The star, best known for his role as a sprightly retiree in beloved British sitcom Waiting for God, passed away on Tuesday (19Oct10) after suffering a short illness. No more details were available as WENN went to press.
His actress daughter Sarah has paid tribute to her father, saying, "His legacy lives on. He did so much work that there's something of his on almost all the time somewhere in the world."
Crowden, who was married to actress Phyllida Hewat, began his career on the stage, but made his way into TV in the 1950s with roles in David Copperfield and The Adventures of Robin Hood.
He famously turned down the title role in cult U.K. sci-fi show Doctor Who in 1974, which eventually went to Tom Baker.
Crowden later became a household name in the U.K. starring in TV shows such as A Very Peculiar Practice and Waiting for God.
He appeared in more than 30 films throughout his long-running career and was last seen on the big screen in 2003's Calendar Girls.
Crowden is survived by his wife and four children.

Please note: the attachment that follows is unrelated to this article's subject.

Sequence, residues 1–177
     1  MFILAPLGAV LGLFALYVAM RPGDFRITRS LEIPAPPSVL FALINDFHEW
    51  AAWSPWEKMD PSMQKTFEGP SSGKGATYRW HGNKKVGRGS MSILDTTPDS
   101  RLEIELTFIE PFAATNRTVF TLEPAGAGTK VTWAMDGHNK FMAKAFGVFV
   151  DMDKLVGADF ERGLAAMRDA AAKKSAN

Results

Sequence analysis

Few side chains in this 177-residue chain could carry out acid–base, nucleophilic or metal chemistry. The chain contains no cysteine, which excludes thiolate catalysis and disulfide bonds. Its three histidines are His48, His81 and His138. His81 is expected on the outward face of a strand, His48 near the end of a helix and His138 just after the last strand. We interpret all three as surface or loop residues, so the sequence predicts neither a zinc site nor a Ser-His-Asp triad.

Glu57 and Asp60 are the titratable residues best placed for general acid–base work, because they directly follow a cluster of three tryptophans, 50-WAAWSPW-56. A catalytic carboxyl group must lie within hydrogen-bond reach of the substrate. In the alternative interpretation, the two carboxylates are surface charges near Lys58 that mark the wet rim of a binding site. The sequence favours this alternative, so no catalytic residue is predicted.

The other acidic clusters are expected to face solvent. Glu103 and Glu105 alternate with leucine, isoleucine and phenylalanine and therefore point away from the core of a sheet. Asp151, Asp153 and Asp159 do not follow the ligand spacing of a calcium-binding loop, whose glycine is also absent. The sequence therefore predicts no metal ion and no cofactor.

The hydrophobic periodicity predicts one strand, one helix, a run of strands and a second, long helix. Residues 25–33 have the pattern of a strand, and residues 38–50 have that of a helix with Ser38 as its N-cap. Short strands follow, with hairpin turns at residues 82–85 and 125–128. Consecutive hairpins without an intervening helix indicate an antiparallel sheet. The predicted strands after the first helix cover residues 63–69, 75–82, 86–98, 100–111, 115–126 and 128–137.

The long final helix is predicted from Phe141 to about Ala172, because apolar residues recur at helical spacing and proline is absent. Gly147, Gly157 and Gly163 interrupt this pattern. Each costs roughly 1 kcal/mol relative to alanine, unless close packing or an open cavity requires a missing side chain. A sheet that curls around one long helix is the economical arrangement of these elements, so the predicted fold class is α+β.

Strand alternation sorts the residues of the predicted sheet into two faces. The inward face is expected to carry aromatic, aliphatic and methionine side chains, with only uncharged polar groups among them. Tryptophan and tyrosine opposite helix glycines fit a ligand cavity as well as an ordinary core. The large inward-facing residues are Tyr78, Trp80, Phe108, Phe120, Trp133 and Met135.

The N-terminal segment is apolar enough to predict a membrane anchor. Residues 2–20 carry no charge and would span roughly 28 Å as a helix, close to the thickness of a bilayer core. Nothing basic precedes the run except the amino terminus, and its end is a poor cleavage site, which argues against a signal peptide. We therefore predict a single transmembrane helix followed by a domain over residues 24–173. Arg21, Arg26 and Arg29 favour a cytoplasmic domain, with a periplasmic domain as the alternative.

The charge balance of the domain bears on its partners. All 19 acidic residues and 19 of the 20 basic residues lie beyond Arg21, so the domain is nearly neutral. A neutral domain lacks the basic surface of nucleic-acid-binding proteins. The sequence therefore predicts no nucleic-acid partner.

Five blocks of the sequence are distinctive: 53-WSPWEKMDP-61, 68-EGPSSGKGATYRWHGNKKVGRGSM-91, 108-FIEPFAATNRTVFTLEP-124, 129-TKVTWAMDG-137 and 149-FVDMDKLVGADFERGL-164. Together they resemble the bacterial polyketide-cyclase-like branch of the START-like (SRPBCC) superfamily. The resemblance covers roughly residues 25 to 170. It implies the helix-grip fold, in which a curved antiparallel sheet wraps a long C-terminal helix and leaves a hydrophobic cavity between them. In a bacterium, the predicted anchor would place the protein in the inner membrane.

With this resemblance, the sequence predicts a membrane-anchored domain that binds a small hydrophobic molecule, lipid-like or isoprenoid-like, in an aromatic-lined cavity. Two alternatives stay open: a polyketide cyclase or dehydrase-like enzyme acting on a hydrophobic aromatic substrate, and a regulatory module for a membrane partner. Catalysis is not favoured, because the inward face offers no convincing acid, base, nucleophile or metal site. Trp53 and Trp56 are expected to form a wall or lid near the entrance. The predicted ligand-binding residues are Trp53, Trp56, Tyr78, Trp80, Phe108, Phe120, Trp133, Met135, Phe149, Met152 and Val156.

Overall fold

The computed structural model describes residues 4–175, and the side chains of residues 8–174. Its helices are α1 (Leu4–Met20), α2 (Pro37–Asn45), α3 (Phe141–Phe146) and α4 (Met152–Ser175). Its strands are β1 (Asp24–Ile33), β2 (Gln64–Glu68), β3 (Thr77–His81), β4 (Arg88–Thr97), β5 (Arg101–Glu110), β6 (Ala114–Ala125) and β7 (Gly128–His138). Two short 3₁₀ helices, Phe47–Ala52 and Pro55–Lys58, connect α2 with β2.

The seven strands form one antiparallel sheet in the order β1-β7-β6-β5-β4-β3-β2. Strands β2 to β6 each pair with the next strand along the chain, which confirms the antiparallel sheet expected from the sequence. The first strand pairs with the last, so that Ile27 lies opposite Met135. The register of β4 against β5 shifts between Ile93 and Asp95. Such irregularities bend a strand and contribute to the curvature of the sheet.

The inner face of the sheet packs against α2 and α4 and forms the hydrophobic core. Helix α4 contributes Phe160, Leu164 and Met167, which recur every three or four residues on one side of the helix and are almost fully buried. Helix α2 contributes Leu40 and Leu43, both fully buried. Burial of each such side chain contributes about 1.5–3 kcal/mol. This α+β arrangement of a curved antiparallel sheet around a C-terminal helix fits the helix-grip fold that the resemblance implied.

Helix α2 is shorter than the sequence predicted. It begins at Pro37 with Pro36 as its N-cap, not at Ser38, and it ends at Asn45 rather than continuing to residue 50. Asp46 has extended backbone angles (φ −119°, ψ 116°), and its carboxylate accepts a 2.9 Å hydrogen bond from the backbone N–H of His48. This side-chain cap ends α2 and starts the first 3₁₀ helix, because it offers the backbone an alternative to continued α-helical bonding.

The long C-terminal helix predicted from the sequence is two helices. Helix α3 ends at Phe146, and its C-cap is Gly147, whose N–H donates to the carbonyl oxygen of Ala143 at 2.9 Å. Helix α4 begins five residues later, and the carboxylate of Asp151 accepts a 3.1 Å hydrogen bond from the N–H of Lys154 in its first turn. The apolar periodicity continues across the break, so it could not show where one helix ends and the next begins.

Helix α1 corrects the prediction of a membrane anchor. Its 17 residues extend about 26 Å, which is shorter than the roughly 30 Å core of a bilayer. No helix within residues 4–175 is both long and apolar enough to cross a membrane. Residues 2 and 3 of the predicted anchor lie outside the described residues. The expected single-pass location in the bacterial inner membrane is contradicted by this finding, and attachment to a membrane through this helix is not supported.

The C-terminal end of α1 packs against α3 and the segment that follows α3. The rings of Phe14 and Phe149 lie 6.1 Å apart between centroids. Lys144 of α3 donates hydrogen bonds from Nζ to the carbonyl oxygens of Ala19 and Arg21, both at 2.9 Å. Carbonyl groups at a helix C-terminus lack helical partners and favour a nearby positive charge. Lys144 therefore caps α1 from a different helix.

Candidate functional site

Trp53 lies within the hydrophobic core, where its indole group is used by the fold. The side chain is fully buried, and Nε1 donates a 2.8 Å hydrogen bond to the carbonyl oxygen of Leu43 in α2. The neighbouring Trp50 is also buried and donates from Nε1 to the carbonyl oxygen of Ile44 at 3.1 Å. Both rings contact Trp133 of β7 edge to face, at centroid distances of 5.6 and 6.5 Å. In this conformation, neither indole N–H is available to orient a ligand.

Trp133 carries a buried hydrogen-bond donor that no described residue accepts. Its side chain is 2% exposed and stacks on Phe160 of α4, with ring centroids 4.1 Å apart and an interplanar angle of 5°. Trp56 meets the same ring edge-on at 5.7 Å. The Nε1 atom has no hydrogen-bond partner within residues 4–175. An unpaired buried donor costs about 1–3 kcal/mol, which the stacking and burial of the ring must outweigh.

First published just as World War II was ending Evelyn Waugh’s weighty literary masterpiece was turned into a wildly successful British mini-series in 1981. For some strange reason however Brideshead Revisited has never been given a motion picture adaptation--until now. Although the story basically remains the same much of plot threads have been dropped or truncated and some liberty has been taken with at least one major character. Set in the pre-World War II era this romantic tale spans a couple of decades telling the saga of atheist Charles Ryder (Matthew Goode) and his fascination even obsession with the very regal and very catholic Marchmain family--now led by ultra-stiff matriarch Lady Marchmain (Emma Thompson) whose husband (Michael Gambon) is AWOL with his Italian mistress (Greta Scacchi). Centering around his “friendship” with the charming and adventurous son Sebastian (Ben Whishaw) Charles’ affections and apparent sexual confusion find new fodder with Sebastian’s beautiful sister Julia (Hayley Atwell). When the threesome take off for Venice to visit patriarch Lord Marchmain the romance between Charles and Julia takes off causing numerous complications for everyone involved. Rising star Goode so fine in Woody Allen’s Match Point meets his promise here making the ideal Charles a young man flirting with his own sexual and religious identity in the fallow period between World Wars. His charm quotient is so heavy it’s easy to see how he could attract both Sebastian and Julia equally well-played by Whishaw and Atwell. Whishaw (I'm Not There) nails the wild side of his character taking Sebastian much further into gay territory than suggested in either the book or the mini-series. Atwell’s Julia also takes a departure from previous versions particularly when she joins the guys in Venice--a plot turn solely invented for this film adaptation. It has the effect of increasing the tension sexual and otherwise between the three main characters and allows the film to fully focus on this aspect of Waugh’s original story. Atwell is a real find who fully explores the confused but captivated journey Julia must take. Sprightly two-time Oscar winner Thompson is at first glance an odd choice to play the unbending Lady Marchmain but she proves her worth giving the woman an extra dimension of humanity she doesn’t appear to have when we first meet her. Gambon is superb as the family’s dying patriarch with fine support from the still-beautiful Scacchi as his mistress. Young British director Julian Jarrold followed his feature debut the refreshing offbeat comedy Kinky Boots with last summer’s bland and boring Jane Austen period piece Becoming Jane. With the hot-blooded Brideshead adaptation he is on his game again clearly demonstrating complete control over the sprawling story and intertwined relationships that are key to Waugh’s novel. Choosing to focus on the central triangle of Sebastian Charles and Julia more fully than ever before is a wise decision and brings the audience right in to the thick of things rather than taking the many side trips of the mini-series. Of course with only two hours instead of 12 painful decisions had to be made and Jarrold with screenwriters Andrew Davies and Jeremy Brock have delivered a version that meets our expectations without dashing them. Unless of course you are a Waugh purist in which case it’s probably best to revisit the mini-series. There can be no argument about the visual splendors provided here though particularly the location filming at Castle Howard one of England’s oldest and most striking estates. Waugh’s extensive descriptions of the splendors of Brideshead Manor are perfectly realized through the spot-on choice of locales and the film’s superb cinematography and production design.